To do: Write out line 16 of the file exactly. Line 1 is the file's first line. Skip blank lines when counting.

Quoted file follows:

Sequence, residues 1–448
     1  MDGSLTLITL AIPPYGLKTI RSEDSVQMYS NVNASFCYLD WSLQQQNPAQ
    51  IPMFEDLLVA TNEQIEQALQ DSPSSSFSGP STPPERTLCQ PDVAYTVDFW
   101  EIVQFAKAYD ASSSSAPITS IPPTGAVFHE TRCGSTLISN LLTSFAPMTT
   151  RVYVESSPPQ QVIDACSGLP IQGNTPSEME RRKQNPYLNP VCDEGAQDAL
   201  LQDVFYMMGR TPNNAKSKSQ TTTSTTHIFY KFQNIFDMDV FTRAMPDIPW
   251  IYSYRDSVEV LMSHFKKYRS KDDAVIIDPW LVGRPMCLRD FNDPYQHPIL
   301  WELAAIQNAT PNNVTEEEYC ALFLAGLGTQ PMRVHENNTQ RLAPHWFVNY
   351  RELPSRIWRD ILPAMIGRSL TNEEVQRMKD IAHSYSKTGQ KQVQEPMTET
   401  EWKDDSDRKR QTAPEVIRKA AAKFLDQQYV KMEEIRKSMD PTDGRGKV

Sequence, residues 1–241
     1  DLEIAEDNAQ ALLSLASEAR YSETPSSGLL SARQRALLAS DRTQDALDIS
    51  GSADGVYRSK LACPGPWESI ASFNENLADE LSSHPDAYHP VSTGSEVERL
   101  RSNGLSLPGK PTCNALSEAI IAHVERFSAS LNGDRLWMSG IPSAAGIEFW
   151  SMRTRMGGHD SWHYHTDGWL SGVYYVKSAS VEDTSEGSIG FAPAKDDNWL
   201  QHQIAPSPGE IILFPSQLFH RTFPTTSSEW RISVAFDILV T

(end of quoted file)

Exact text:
   201  QHQIAPSPGE IILFPSQLFH RTFPTTSSEW RISVAFDILV T